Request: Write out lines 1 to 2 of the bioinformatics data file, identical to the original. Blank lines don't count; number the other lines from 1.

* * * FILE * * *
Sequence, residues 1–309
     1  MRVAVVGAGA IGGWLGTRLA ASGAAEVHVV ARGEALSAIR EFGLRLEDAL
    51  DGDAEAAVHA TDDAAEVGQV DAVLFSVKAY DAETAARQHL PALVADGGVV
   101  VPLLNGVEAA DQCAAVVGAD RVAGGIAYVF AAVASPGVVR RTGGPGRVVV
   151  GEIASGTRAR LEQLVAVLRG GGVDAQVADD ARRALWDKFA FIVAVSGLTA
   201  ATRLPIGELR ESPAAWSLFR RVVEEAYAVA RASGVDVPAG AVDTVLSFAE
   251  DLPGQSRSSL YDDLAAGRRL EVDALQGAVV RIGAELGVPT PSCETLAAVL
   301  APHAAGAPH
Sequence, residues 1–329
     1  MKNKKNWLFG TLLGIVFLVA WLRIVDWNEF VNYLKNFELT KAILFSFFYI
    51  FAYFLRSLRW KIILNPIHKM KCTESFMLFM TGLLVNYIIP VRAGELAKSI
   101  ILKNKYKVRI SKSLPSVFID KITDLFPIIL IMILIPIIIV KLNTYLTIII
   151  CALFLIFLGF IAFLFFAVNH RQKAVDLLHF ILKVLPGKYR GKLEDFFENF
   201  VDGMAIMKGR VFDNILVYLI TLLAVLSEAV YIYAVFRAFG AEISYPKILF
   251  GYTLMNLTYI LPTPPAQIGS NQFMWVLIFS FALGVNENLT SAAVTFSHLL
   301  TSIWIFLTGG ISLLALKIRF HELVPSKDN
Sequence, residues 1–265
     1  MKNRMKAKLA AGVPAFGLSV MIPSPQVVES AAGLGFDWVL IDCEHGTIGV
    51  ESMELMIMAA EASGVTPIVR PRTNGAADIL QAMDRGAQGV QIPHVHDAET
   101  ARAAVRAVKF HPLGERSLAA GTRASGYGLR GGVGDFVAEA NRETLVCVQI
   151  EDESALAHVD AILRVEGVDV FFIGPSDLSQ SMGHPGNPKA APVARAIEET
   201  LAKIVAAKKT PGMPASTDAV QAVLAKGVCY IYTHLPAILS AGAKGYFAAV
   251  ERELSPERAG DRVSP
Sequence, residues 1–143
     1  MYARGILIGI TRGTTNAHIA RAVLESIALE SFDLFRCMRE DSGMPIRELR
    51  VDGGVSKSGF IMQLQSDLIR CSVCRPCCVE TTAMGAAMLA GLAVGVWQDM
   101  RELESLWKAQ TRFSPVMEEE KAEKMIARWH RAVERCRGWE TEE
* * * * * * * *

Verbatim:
Sequence, residues 1–309
     1  MRVAVVGAGA IGGWLGTRLA ASGAAEVHVV ARGEALSAIR EFGLRLEDAL